Sophie Blackall Wins Caldecott Medal for “Hello Lighthouse”
This year’s winner of the Randolph Caldecott Medal for outstanding illustration of children’s books is Hello Lighthouse by Sophie Blackall.
The New York Times Book Review said of Hello Lighthouse: “I will be surprised if a more exquisite picture book will be published this year…Children will be fascinated…” Kirkus Review praised the “precise, detailed illustrations,” rendered in Chinese ink and watercolor.
This is the second Caldecott for Sophie Blackall, who wrote and illustrated Hello Lighthouse. She won her first Caldecott Medal in 2016 for Finding Winnie: The True Story of the World’s Most Famous Bear.
On Twitter, Blackall cited the U.S. Lighthouse Society as an important resource in her research for Hello Lighthouse. When asked to expand on that, she responded: “I am indebted to the USLHS! It was such a fantastic resource when I was researching Hello Lighthouse. From my early investigations into history and architecture, to exploring the comprehensive list of lighthouses and the stories every single one contains, to following links and more links to a true treasure trove of information. My obsession began at your website and ended with this book.”
Thank you, Sophie, and best wishes for continued success!
Hello Lighthouse is available through Amazon, B&N, and other online booksellers.
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Special Louisiana license plates to help save lighthouse
The American Press has reported that purchases of Louisiana’s Sabine Pass Lighthouse license plates will help raise money to restore the structure. The plates say “Save the Sabine Pass Lighthouse” and feature an image of the tower on the Gulf Coast.
The most important needs are fixing cracks and banding the tower to help prevent water intrusion. The lighthouse is perhaps the oldest brick structure standing in Southwest Louisiana.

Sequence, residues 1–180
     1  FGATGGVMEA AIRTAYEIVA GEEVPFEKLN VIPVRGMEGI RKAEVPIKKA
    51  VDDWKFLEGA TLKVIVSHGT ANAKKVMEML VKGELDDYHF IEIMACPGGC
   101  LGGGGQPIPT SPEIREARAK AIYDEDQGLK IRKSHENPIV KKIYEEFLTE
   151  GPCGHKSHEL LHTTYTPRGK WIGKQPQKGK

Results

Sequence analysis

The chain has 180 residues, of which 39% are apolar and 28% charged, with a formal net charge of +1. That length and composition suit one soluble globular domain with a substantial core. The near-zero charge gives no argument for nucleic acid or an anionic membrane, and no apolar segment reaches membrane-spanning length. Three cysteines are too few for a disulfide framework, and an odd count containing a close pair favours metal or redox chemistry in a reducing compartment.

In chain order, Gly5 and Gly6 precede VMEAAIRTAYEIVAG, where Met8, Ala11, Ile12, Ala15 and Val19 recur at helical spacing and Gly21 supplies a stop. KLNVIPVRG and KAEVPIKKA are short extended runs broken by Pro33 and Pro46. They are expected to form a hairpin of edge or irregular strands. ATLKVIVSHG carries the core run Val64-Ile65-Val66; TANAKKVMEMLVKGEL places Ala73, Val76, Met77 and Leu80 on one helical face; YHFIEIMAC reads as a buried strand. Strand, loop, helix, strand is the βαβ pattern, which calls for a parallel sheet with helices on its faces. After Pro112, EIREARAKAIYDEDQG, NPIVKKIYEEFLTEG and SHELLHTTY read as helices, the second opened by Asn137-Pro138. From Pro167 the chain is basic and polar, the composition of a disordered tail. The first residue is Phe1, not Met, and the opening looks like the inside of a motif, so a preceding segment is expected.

Plates are available at the Sulphur, Lake Charles, or Cameron DMV and through expresslane.org
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Four Florida reef lighthouses now available to new stewards
Under the guidelines of the National Historic Lighthouse Preservation Act, four Florida reef lighthouses are being made available to potential new stewards. The lighthouses are American Shoal, Carysfort Reef, Sombrero Key, and Alligator Reef.
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Relighting celebration for Gasparilla Island Lighthouse (Florida) on February 9
The Barrier Island Parks Society is hosting a celebration for the newly restored Gasparilla Island Lighthouse on Saturday, February 9, from 4:00 to 8:00 p.m. The celebration will include free climbs of the lighthouse, food and drinks, and live music. The lighthouse relighting will be at 6:20 p.m.
After a lengthy approval process involving six federal and state government agencies, including the U.S. Coast Guard and the Army Corps of Engineers, the lighthouse has been formally designated a private aid to navigation. The new lens is a replica of the one that was installed in 1927 and will include an amber LED lamp.
The lighthouse is at 220 Gulf Blvd., Boca Grande, Florida. Call BIPS 941-964-0060 for more information.
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Rondout Lighthouse in 2008. Photo by Jeremy D’Entremont
FEMA funds for Rondout Lighthouse (NY)
$401,736 for repairs at Rondout Lighthouse has become available. The funds had sat dormant for some years after damage from Superstorm Sandy.
The lighthouse, on the Hudson River at the entrance to Rondout Creek, is owned by the City of Kingston, New York. Kristen Wilson, director of the city’s Office of Grants Management, said that the work to be done included repairs to the electrical system at the lighthouse.
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U.S. Lighthouse Society News is produced by the U.S. Lighthouse Society to support lighthouse preservation, history, education and research. You can receive these posts via email if you click on the “SUBSCRIBE” button in the right-hand column. Please support this electronic newsletter by joining the U.S. Lighthouse Society if you are not already a member.
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Candace was the US Lighthouse Society historian from 2016 until she passed away in August 2018. She worked for 30 years with lighthouse history. She also worked with the National Parks System, and the Council of American Maritime Museums. She was a noted historical author and the most knowledgable person on lighthouse historical information at the National Archives. Books by Candace Clifford include: Women who Kept the Lights, Mind the Light Katie, a History of Thirty-eight Female Lighthouse Keepers and Maine Lighthouses, Documentation of their Past.